Scott T. Tagawa, MD, FACP: Prostate cancer, like other cancers, presents a certain heterogeneity. It occurs in an entire body, which means that different tumors can be genotypically or phenotypically different from each other. And then, even within tumors, there can be differences in one area compared to another.
Prostate cancer is usually an adenocarcinoma. The 2 terms are more or less close to synonyms. When we say prostate cancer, we usually mean adenocarcinoma of the prostate. But there are different histologies when diagnosing primary prostate tumors, and there may be some differences over time, one of the mechanisms being lineage plasticity, i.e. starting with adenocarcinoma then changing histologically to small cell or neuroendocrine prostate cancer, for example. This can happen more and more with increased pressure against the main pathway that we know is active in prostate cancer, the androgen receptor pathway, or AR. These more powerful hormonal agents can change that.
An important target in prostate cancer is the prostate specific membrane antigen, or PSMA. This has a reciprocal relationship with the androgen receptor, which means that as there is more pressure or deregulation of the androgen receptor pathway, for example with hormone therapy blocking this pathway against prostate cancer cells, Generally speaking, any prostate cancer cell that is able to survive ends up with a higher amount of PSMA, which is a cell surface antigen. That being said, in the types of tumors that lose the AR pathway i.e. small cells or neuroendocrines, these are the types of tumors that can lose PSMA as well.
We assess prostate cancer, like other cancers, with a number of different modalities. This includes biopsies, liquid biopsies such as in blood assessment, as well as imaging. Each of them is different with its own advantages and disadvantages and is complementary. For example, a biopsy gives us very good histology and a very high level of depth of coverage if we want to look at genomics, transcriptomics, or omics in general. Many of them are now clinically in prime time. But what we learn is what’s in that needle. There may be different areas in what’s in that needle, but that doesn’t tell us about the rest of the tumor that was not biopsied in that needle, or other areas. In addition, although we have better and less invasive techniques, biopsy remains an invasive procedure. And prostate cancer is often localized in the bones, which for many places outside of academic centers is a bit more difficult in terms of handling and processing the sample.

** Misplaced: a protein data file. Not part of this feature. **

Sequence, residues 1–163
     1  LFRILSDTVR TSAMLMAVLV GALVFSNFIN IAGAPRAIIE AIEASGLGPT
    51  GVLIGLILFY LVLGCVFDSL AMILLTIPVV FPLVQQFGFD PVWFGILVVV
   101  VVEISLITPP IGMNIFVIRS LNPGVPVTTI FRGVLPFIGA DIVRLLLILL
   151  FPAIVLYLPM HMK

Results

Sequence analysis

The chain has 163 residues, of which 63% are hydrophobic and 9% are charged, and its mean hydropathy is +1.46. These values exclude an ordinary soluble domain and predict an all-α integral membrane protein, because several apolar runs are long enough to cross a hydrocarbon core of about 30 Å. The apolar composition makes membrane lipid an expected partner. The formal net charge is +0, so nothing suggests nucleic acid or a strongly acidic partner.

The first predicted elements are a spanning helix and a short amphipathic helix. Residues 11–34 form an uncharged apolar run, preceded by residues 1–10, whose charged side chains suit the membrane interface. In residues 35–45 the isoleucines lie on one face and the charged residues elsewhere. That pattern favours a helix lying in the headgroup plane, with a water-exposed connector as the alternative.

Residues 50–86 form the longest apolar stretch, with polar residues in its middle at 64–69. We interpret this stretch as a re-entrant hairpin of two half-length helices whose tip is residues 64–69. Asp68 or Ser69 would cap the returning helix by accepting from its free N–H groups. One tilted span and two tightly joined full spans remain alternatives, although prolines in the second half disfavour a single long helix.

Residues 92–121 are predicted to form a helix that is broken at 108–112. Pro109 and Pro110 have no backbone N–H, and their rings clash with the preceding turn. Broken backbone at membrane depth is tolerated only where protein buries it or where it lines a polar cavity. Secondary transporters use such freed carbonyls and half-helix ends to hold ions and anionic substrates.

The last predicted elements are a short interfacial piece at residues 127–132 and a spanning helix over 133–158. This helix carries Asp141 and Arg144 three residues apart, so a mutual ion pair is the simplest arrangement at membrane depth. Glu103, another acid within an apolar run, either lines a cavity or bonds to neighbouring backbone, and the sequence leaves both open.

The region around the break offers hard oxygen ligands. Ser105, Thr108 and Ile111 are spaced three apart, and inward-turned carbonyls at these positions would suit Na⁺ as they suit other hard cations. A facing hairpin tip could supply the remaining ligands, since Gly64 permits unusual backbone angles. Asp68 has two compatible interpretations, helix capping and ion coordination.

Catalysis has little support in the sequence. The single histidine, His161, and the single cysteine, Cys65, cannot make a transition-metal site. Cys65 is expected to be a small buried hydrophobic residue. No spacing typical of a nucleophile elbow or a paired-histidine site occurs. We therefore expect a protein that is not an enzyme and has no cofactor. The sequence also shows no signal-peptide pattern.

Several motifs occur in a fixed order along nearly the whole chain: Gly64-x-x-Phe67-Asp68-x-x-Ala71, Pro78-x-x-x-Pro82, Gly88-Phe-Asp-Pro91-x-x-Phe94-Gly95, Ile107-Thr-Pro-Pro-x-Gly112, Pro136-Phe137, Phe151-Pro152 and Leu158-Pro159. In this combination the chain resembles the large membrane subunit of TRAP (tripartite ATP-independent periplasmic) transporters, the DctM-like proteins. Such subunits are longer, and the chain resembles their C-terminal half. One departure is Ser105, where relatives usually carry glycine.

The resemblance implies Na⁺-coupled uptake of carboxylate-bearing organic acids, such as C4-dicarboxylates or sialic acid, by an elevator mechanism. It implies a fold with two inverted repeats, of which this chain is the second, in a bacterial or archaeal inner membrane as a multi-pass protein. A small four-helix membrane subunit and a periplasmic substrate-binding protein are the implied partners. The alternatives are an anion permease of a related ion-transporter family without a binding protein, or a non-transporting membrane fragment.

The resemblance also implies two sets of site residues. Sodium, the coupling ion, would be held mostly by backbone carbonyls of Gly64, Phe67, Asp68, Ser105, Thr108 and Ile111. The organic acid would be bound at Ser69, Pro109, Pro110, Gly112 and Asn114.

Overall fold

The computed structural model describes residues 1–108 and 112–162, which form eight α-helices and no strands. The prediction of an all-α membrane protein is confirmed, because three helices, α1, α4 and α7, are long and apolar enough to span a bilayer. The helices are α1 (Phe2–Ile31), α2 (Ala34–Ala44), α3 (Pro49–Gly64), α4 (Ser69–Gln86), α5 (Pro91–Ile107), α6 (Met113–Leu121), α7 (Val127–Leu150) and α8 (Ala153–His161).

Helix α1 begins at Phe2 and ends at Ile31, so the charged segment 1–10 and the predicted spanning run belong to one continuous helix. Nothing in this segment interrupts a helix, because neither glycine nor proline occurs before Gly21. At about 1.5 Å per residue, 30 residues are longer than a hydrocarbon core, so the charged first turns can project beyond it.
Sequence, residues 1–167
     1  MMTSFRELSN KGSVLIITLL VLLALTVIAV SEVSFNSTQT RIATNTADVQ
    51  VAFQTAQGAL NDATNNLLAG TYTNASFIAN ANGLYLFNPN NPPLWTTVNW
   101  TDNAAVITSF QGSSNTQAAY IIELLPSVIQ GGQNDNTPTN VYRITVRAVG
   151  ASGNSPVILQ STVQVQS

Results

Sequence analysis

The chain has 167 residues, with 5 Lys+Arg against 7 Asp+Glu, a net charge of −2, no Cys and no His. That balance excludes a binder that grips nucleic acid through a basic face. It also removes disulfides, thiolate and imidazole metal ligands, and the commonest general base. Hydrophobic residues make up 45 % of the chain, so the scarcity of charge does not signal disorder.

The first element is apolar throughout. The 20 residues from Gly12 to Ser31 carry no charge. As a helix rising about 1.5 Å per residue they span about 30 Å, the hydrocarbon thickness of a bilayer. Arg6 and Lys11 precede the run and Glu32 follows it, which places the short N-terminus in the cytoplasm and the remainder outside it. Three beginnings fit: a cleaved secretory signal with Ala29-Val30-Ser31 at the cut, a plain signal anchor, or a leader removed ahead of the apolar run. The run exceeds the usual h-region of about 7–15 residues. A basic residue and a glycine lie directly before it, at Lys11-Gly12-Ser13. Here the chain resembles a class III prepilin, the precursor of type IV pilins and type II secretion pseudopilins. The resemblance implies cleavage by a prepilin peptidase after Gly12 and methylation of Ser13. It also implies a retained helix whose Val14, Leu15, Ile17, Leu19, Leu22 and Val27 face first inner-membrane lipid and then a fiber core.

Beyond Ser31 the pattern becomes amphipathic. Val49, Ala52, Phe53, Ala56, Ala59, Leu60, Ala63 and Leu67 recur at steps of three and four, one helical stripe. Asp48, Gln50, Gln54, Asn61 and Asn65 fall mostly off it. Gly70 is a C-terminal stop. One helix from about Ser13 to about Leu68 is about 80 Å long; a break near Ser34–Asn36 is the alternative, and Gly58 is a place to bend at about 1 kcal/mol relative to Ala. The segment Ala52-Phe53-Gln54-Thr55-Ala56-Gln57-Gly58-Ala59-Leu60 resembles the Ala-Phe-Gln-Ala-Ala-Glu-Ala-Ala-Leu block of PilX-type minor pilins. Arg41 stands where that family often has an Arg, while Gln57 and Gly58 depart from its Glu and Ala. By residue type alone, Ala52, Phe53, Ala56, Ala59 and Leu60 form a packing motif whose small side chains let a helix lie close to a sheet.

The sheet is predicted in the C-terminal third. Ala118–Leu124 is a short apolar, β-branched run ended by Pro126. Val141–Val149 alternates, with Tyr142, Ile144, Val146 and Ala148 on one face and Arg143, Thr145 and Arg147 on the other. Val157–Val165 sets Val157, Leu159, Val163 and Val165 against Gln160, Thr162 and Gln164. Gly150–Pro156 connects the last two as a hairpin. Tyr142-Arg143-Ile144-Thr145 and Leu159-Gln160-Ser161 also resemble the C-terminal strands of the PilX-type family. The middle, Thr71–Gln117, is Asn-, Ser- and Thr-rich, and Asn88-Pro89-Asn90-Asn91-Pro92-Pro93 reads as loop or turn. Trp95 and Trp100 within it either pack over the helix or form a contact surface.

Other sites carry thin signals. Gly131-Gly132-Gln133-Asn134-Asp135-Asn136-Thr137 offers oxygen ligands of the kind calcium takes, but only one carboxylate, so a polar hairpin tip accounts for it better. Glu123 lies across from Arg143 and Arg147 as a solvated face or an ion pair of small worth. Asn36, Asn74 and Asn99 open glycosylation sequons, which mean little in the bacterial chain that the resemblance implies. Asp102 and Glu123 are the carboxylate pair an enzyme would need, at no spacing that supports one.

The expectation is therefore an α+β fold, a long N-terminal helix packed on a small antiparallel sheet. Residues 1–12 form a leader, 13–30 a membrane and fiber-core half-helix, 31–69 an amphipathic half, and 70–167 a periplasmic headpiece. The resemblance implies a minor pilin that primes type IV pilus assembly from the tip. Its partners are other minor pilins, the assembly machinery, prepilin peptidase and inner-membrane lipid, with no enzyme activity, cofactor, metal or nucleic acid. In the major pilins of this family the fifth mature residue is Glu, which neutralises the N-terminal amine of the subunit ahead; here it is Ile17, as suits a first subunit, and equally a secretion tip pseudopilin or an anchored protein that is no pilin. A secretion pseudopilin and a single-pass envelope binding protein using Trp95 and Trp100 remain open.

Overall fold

With liquid biopsies, we’ll usually be looking at either circulating tumor cells, which are good for protein, and RNA, as well as plasma, and cell-free DNA, which in today’s era, I think. that the best tests for this also include some germ line testing. I won’t go into details on this, but these are interesting because we are able to get sequential analyzes. For example, PSA [prostate-specific antigen] is a circulating test, it just isn’t a DNA test. What this tells us is more or less a summary of what is going on with the patient. It doesn’t tell us if one dominant lesion secretes all that DNA, or if it’s a tenth of 10 different lesions that exist. But this type of test has the advantage of being minimally invasive and of being able to be dosed sequentially over time.
Imaging has long told us about cancer in general, including prostate cancer, in terms of location as well as certain characteristics, namely, bony, sclerotic or blast, or whether it is lytic in nature. Prostate cancer is usually sclerotic or blastic, but prostate cancer of a lytic nature tells us something about it. But with molecular imaging, in general PET [positron emission tomography] imaging, we are able to obtain a more phenotypic characterization. And unlike a single biopsy, we’re able to look at it lesion by lesion and say, do they show up on this test evenly, or is there some heterogeneity that we see across the body?
I used the terms genotypic and phenotypic. Genotyping is generally what is in the genes. Generally speaking, it is DNA. The phenotypic can have different definitions. Perhaps this is how genes are expressed or subsequently translated into what happens in actual cells. It may also have to do with histology, as I mentioned. For example, a tumor may have similar genes, such as a TP53 alteration and an RB [retinoblastoma] alteration, but histologically may resemble a typical adenocarcinoma or small cell carcinoma. These are differences between the actual genes and the phenotype.
Transcription edited for clarity